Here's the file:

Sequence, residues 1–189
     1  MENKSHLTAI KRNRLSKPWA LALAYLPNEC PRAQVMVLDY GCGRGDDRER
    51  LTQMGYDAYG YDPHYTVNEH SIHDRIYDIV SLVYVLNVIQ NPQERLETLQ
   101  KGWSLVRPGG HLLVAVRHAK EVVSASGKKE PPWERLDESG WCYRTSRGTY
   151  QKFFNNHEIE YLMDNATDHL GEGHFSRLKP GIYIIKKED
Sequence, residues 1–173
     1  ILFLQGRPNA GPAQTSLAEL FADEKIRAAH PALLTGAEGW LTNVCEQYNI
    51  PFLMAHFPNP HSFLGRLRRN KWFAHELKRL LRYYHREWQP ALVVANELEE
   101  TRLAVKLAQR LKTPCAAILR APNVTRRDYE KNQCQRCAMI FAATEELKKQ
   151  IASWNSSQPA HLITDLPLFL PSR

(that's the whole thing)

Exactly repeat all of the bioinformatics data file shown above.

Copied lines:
Sequence, residues 1–189
     1  MENKSHLTAI KRNRLSKPWA LALAYLPNEC PRAQVMVLDY GCGRGDDRER
    51  LTQMGYDAYG YDPHYTVNEH SIHDRIYDIV SLVYVLNVIQ NPQERLETLQ
   101  KGWSLVRPGG HLLVAVRHAK EVVSASGKKE PPWERLDESG WCYRTSRGTY
   151  QKFFNNHEIE YLMDNATDHL GEGHFSRLKP GIYIIKKED
Sequence, residues 1–173
     1  ILFLQGRPNA GPAQTSLAEL FADEKIRAAH PALLTGAEGW LTNVCEQYNI
    51  PFLMAHFPNP HSFLGRLRRN KWFAHELKRL LRYYHREWQP ALVVANELEE
   101  TRLAVKLAQR LKTPCAAILR APNVTRRDYE KNQCQRCAMI FAATEELKKQ
   151  IASWNSSQPA HLITDLPLFL PSR